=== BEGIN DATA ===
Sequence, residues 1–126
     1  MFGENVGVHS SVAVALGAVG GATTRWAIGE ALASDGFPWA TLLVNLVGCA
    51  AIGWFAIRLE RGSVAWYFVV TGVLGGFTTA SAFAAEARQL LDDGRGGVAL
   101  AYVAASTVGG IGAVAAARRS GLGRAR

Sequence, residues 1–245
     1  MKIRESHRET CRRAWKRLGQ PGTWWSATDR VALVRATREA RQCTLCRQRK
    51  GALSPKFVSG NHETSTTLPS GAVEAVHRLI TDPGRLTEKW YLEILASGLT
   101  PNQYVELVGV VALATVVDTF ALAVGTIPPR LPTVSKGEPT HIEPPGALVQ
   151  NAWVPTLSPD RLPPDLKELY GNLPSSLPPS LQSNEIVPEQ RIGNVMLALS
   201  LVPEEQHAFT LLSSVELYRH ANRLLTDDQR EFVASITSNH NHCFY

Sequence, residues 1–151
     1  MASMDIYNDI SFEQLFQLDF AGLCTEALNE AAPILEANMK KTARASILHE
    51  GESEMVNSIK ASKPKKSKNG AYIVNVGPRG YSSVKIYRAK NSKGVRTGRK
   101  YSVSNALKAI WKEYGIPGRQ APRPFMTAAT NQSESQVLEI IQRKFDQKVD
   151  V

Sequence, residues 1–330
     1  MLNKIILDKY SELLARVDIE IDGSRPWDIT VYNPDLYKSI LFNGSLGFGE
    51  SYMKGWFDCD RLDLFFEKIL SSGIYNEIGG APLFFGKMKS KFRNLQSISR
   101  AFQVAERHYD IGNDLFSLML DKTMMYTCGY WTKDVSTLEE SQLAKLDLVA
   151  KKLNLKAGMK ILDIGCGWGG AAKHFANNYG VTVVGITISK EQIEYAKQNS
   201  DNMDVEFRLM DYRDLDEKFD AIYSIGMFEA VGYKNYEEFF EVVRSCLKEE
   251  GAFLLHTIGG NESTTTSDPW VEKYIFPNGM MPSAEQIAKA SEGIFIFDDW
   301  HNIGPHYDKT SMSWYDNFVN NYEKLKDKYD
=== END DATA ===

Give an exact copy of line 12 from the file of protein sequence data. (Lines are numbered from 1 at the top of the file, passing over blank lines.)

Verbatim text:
     1  MASMDIYNDI SFEQLFQLDF AGLCTEALNE AAPILEANMK KTARASILHE